So, a cook, a scavenger, and a dude with a propensity for moving very quickly walk into an empty husk of a building one day, and that’s where This War of Mine begins. It’s a side scrolling survival game hybrid that deals with the domesticity of nation-versus nation conflict and the endless pursuit of life as we barely know it.

It’s a bleak experience, one further accentuated by the stark visuals. Buildings are hollowed-out carcasses, full of debris and the wreckage of human lives. Smoke undulates eternally in the background, seeping between the dead black trees and crumbled masonry, all reminders of a war that continues to rage on.


This War of Mine opens by depositing a handful of randomised survivors into your control, each defined by a single notable trait. Some are great runners, others excel at distinguishing treasure from trash. But these proficiencies seem mostly nominal. By and large, everyone has the same duty: keeping each other alive.

Activity changes depending on the time. During the day, the game plays a little like a two dimensional take on  The Sims . Left to their own devices, your characters will wither away, all the while muttering forlornly about their grim situation. It’s your responsibility to left click their way to food, heat, and construction projects, with occasional trips to the front door to greet visitors.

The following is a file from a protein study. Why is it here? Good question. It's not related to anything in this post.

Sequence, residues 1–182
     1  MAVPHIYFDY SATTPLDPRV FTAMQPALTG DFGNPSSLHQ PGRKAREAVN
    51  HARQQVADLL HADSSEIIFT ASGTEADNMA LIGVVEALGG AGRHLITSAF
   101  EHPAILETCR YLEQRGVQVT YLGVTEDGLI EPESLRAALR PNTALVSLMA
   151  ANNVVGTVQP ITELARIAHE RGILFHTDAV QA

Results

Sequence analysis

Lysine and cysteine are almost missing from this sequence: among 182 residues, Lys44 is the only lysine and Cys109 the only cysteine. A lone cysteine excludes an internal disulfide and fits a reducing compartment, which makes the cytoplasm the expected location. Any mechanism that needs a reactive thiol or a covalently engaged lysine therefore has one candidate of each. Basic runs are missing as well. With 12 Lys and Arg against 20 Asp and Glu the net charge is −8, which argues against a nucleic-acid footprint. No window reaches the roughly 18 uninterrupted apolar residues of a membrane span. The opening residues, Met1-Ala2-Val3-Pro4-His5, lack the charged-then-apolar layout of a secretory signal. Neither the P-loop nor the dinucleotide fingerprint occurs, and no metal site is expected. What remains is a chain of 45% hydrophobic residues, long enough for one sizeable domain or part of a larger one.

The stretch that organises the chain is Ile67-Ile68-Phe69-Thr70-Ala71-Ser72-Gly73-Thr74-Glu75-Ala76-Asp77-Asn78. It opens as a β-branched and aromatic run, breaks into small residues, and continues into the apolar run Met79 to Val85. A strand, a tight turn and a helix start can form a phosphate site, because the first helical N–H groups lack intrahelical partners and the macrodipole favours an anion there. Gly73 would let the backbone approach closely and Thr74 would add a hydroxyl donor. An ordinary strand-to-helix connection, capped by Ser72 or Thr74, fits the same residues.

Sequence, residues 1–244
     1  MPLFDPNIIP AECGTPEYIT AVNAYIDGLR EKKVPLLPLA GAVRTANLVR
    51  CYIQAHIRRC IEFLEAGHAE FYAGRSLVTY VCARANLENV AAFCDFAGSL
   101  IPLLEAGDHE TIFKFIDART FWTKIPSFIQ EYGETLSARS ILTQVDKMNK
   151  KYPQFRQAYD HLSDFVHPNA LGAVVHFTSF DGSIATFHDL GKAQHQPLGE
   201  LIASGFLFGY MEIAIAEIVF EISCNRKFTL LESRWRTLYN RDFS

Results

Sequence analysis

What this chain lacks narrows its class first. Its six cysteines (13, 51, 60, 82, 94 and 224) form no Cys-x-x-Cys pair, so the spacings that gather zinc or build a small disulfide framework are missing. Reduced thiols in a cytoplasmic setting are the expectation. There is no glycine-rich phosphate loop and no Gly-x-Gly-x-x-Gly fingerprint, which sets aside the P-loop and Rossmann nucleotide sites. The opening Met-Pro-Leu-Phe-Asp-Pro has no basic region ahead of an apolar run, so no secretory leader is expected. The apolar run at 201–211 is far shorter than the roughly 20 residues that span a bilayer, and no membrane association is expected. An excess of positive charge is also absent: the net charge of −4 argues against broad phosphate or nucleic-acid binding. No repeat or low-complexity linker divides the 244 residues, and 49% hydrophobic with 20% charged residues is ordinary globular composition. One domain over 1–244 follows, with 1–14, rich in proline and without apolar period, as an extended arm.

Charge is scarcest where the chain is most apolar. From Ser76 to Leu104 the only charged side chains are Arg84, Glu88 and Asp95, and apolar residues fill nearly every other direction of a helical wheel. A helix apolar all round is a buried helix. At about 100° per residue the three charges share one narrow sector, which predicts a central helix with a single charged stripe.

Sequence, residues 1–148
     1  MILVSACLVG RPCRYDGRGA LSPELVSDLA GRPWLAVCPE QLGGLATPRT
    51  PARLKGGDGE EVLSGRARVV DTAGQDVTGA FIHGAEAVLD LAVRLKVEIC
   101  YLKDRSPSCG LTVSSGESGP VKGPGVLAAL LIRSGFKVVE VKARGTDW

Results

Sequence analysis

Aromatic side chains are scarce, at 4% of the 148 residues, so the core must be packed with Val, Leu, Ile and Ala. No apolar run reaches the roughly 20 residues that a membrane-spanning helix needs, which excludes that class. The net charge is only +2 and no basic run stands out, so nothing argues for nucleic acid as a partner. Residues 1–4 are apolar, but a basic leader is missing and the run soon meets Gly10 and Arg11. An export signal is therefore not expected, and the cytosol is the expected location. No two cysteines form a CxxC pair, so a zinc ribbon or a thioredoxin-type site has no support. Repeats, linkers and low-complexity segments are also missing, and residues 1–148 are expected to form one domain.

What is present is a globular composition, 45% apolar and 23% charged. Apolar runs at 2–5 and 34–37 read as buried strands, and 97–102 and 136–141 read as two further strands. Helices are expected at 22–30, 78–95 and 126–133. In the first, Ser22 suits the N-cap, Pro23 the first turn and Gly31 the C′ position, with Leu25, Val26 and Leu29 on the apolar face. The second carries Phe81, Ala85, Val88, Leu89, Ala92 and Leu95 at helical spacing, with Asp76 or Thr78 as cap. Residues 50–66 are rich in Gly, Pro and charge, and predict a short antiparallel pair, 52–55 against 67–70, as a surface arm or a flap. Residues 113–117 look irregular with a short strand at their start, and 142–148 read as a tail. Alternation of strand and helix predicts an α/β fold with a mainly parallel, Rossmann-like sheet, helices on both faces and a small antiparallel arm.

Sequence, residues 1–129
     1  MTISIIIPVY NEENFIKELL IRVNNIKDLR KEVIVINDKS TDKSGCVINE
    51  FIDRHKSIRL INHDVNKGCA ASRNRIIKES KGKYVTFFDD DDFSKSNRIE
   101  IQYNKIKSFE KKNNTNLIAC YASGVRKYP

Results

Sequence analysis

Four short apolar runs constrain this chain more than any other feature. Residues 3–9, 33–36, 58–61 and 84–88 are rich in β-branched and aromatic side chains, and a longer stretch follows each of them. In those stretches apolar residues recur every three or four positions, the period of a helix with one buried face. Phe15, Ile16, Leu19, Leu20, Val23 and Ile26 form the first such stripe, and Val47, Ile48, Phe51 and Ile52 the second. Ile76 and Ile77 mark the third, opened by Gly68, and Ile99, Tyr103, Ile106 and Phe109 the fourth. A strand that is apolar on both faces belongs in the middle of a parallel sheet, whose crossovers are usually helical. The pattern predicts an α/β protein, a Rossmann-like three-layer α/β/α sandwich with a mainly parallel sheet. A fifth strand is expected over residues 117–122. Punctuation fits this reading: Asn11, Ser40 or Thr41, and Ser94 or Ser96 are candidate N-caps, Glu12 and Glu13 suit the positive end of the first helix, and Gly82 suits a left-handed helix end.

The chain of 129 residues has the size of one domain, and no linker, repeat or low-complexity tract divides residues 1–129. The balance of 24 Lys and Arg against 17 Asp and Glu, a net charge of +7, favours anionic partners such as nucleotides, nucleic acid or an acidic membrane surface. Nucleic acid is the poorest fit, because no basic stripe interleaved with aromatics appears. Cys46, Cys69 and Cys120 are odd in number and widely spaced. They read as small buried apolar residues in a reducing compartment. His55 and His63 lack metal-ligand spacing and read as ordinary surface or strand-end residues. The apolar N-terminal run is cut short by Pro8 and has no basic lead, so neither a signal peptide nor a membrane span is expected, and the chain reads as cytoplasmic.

By and large, everyone has the  same duty: keeping each other alive
Night brings a different set of challenges. Scavenging missions morph This War of Mine into a stealth-lite of sorts. Select a location from an ever-growing roster, then initiate your expedition one that might have you doing everything from looting an abandoned house to investigating a school filled with armed enemies.

How you choose to approach these sojourns through the city is, as always, entirely up to you. In one playthrough, I took the pacifistic route in an encounter with a young man and his ailing father. The youth wanted medicine or alcohol. I wanted a shovel. After some bartering, he gave me the gardening tool in exchange for jewellery, and then shouted at me until I went home. In another playthrough, I decided to callously murder both him and his father, and pilfer their property. There was no hero’s welcome when I returned, only an inconsolable grief.

It’s still too early to tell whether the emotional impact of such vignettes will survive repeated playthroughs. Every location I’ve revisited thus far seems to sport the same inhabitants, the same needs, the same demands. But what I’ve seen makes me want to hang onto the hope that This War of Mine  might help this war of ours against one-dimensional games.